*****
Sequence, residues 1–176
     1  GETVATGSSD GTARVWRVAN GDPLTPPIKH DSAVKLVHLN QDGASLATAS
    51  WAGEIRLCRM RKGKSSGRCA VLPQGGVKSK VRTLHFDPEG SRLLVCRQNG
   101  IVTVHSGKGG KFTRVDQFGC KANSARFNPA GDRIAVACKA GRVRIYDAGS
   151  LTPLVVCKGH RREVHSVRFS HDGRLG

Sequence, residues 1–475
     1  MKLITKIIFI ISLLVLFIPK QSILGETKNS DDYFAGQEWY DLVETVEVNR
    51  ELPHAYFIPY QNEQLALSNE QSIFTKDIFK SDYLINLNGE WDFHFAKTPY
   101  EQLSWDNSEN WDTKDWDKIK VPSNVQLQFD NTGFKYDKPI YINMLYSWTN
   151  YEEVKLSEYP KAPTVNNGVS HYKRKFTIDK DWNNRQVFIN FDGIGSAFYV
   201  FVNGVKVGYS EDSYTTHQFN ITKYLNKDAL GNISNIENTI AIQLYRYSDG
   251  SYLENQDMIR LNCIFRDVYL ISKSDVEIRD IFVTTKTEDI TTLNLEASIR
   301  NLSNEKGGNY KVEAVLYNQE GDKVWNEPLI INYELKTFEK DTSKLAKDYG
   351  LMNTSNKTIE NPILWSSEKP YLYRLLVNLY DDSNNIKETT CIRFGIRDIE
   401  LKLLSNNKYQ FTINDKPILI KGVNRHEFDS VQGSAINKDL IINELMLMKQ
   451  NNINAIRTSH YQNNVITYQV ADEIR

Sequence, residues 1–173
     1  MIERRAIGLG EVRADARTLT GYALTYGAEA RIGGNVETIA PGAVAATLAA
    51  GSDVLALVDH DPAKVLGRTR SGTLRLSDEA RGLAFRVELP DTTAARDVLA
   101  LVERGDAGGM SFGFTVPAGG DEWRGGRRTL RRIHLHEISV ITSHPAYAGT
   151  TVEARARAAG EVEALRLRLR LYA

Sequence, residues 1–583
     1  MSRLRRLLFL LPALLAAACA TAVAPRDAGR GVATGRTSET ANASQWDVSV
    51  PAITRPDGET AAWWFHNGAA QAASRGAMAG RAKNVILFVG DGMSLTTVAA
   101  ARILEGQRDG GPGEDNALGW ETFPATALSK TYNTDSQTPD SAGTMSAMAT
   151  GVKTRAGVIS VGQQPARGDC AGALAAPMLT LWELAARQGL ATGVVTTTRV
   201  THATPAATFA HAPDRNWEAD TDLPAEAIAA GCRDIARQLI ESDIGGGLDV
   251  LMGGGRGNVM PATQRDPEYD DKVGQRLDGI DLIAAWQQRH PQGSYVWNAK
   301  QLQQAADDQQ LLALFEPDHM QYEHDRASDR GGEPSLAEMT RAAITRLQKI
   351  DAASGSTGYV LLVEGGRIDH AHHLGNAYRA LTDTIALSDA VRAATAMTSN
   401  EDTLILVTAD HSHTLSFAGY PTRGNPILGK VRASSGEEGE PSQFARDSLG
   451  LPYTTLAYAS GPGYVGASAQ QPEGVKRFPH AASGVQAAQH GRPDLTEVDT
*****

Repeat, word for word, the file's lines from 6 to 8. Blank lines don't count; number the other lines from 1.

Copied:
Sequence, residues 1–475
     1  MKLITKIIFI ISLLVLFIPK QSILGETKNS DDYFAGQEWY DLVETVEVNR
    51  ELPHAYFIPY QNEQLALSNE QSIFTKDIFK SDYLINLNGE WDFHFAKTPY